November 5, 2005
Nebraska surveyors Gene Thomsen and Jerry Penry recovered the first United States Coast & Geodetic Survey triangulation station established in Nebraska. "Blue Hill" was set in 1898 during the important 98th Meridian Survey as it progressed northward into Nebraska. This marker was described as being an 8" square marble post. In 1934 a C&GS recovery team found "Blue Hill" lying on its side; however, the clay crock marking the underground marker was found undisturbed. At that time it was decided to move the stone marker approximately 43' west to the fence line where it was reset and redesignated as Benchmark "G-4". A brass disk set into a mass of concrete was placed over the crock at the original "Blue Hill" location in 1935.
Jerry had earlier been to the site in July and talked to the landowner who said the exact locations of the markers had been lost many years ago. The land owner also said he remembered his dad telling him he about seeing the geodetic crews set up upon their towers over one of the points, so he had a keen interest in seeing the marks.
The site location is 2 1/2 miles south and 3 1/2 miles west of the town of Blue Hill in south central Nebraska.
Gene begins to dig for "G-4" (formerly "Blue Hill") after probing indicated hitting something solid.
The first sign of "G-4" comes into view for the first time in many years.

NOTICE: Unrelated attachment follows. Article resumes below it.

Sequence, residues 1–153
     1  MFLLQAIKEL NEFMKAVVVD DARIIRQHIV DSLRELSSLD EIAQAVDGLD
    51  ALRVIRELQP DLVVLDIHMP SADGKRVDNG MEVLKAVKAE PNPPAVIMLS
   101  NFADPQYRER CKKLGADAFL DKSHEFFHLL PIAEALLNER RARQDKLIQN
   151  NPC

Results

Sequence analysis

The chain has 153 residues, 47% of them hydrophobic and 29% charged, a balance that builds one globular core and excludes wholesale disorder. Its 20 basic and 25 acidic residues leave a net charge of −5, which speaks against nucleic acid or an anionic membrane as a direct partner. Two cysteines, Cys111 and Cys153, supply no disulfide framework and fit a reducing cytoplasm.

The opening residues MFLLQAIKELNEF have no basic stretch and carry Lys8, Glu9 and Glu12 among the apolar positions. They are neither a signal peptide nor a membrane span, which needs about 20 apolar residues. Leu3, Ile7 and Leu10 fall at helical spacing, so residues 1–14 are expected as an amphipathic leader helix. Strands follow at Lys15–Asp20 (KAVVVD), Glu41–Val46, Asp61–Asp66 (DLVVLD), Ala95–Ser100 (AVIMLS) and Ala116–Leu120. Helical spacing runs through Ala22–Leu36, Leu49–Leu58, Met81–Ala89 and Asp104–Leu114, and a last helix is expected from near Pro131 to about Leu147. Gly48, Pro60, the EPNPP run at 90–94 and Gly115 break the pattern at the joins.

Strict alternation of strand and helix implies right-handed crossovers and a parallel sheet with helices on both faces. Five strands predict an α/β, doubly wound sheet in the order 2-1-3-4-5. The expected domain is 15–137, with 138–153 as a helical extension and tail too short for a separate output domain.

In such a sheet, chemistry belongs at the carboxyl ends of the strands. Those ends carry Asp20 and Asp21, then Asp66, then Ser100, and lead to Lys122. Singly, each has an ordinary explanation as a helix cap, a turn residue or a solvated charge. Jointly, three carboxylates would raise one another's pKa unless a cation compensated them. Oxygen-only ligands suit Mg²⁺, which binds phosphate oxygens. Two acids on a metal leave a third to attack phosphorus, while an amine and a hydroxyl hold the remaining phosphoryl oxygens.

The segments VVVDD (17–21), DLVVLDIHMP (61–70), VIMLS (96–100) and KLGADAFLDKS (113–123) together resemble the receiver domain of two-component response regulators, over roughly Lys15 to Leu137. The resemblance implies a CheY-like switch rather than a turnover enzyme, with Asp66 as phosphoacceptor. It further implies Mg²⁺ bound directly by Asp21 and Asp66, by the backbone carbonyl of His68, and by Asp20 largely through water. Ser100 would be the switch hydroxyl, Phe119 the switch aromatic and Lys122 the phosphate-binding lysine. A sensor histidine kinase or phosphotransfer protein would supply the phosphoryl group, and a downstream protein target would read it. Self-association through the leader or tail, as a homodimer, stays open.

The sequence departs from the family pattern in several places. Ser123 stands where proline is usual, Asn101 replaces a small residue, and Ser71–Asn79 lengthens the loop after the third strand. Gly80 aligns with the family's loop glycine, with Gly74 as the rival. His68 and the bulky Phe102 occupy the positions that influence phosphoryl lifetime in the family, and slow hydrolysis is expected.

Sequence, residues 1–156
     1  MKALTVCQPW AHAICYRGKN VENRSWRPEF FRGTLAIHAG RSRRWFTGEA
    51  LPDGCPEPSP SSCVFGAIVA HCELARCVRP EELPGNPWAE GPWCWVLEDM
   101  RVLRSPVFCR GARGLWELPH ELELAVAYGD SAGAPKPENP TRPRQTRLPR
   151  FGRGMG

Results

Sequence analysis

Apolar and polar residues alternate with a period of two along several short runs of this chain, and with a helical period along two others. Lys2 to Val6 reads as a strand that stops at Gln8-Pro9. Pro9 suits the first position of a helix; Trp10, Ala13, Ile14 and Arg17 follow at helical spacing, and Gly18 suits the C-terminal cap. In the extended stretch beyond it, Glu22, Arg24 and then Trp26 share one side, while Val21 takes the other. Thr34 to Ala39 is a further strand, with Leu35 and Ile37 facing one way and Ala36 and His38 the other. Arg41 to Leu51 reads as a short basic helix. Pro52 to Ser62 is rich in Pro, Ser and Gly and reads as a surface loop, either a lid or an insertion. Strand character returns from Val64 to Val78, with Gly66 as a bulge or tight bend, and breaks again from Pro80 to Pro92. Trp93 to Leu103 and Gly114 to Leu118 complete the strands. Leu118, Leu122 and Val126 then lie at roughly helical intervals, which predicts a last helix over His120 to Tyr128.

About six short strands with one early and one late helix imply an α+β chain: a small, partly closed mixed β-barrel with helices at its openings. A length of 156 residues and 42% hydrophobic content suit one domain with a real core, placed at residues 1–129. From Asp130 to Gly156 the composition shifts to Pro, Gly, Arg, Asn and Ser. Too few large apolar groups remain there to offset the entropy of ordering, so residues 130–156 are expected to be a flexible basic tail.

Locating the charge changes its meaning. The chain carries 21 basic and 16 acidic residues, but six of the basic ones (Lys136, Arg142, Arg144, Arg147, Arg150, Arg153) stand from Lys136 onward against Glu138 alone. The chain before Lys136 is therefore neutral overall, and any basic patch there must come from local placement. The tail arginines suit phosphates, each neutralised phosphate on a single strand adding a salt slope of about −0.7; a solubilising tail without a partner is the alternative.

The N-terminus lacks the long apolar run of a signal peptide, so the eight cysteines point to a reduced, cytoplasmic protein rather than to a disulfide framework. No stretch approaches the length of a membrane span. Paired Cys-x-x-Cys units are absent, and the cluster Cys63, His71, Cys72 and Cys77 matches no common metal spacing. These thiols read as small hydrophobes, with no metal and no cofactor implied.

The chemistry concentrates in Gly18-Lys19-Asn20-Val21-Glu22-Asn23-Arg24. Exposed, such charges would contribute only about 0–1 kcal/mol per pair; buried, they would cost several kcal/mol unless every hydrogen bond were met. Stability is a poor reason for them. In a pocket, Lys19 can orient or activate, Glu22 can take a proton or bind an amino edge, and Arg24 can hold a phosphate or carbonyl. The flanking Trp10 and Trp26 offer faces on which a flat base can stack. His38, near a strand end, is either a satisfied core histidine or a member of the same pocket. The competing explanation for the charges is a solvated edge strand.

Although dirty, it was exactly what we had hoped to find!
The marble stone set 107 years ago cleaned up very nice.
A GPS position will help for a future recovery.
Gene and the landowner begin to dig for "Blue Hill" after determining its location from Benchmark "G-4". There was no ferrous material with the marker, so the metal locator didn't help, but the probe found it!
Closeup of "Blue Hill". The stamping of "1898" indicates the original year this station was established with the marble post. This brass disk was actually placed in 1935.
Jerry (left) and Gene pose after recovering "Blue Hill".
Jerry sets up over "Blue Hill" with his SET-3 total station to begin referencing the marker's location.
USC&GS benchmark "L-250" was used as the azimuth mark for the reference ties. It is located over 4,107' to the east of the triangulation station.
Reference Mark No. 3 was recovered about 12" deep, cleaned up and used as a reference tie.
A 1" diameter "Survey Mark" was found for the S 1/4 Corner of Sec. 24, T4N, R11W of the 6th PM, in the nearby U.S. Highway #281 and tied into "Blue Hill".
A rare USC&GS & SS survey disk No. 361 was found to the northwest at just over 4277' and used as a tie. These type of marks were set only during the Depression in a Civil Works Administration project.
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© Jerry Penry 2008